Hooligan risk for Germany v Croatia
An Austrian police consultant says Euro 2008 Group B is the "highest risk group".
Last Modified: 11 Jun 2008 13:59 GMT

Police are hoping there will not be a repeat of the arrests after the first match in Klagenfurt [AFP]

The Euro 2008 Group B match between Germany and Croatia in Klagenfurt is seen as a risk match for security personnel, according to an Austrian police consultant.
After the detention of 157 mainly German fans in Klagenfurt on Sunday when their team beat Poland 2-0, the security focus will remain on Group B for Thursday's top of the table match.
"Germany-Croatia is seen most certainly as a risk match. Poland-Austria [also on Thursday] is hard to say though it could also be one," Harald Mathe, hooligan expert, told Reuters on Wednesday.
"This is the group where we are most likely to see such clashes, it is the highest risk group."

Activity after Sunday's Group B matches showed police were well prepared to deal with troublemakers and that cooperation between officers and hooligan experts from other competing nations had paid off.

"We saw in Klagenfurt the German police officers really know their fans very well and have acted at the right time," added Mathe.

"Often hooligans have bad family backgrounds where they experienced violence... "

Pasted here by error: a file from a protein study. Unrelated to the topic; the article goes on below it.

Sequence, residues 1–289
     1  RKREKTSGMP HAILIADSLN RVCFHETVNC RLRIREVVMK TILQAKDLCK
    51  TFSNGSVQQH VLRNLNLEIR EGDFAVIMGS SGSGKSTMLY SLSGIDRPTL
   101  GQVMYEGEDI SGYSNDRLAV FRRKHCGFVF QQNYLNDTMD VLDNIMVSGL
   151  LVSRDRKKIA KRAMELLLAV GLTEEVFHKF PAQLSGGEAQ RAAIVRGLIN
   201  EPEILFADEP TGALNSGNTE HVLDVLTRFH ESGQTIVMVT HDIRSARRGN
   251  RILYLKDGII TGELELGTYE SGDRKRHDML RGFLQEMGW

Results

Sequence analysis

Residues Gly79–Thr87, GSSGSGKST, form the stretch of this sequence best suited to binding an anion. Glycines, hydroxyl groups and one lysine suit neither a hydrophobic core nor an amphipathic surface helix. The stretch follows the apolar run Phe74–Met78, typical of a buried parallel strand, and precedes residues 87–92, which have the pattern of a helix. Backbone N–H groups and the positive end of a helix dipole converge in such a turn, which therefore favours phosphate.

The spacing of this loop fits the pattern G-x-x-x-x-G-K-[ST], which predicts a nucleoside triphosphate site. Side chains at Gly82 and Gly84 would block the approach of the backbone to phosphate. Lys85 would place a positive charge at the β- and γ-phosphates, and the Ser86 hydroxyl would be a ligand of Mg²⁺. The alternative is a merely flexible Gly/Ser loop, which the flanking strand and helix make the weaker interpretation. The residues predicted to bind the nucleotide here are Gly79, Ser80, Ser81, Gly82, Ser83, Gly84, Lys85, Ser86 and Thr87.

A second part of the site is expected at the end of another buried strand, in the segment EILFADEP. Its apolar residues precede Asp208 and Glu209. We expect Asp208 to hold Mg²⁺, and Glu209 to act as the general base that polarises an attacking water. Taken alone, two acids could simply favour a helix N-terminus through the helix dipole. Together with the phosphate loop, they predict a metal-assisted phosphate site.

Harald Mathe,
hooligan expert
About 3,000 police were on duty in Klagenfurt at the weekend including 400 German officers.

Hooligan experts classify fans in three categories.

So-called 'A fans', who just want to enjoy the game, make up between 80-90 per cent of supporters.

'B fans', who account for around 10 per cent, can turn violent after excessive alcohol consumption or when their team are losing.

'C fans', the smallest group, use football as an opportunity for violence, said Mathe.

Bad backgrounds

"Often hooligans have bad family backgrounds where they experienced violence and where they learned conflicts are tackled or solved with violence," he added.

However age and gender also played a major role, Mathe said.

"Most of them are men chock full of testosterone and need to get rid of all their energy."

Law-abiding fans heading to the stadiums or fan zones have little to fear from troublemakers given the security available and the nature of hooliganism.

"Real hooligans are only interested in other hooligans," said Mathe.

"The normal fan has not much to be afraid of, though in general one thing is best, keep as far away as possible from hooligans or groups which are under the heavy influence of alcohol."

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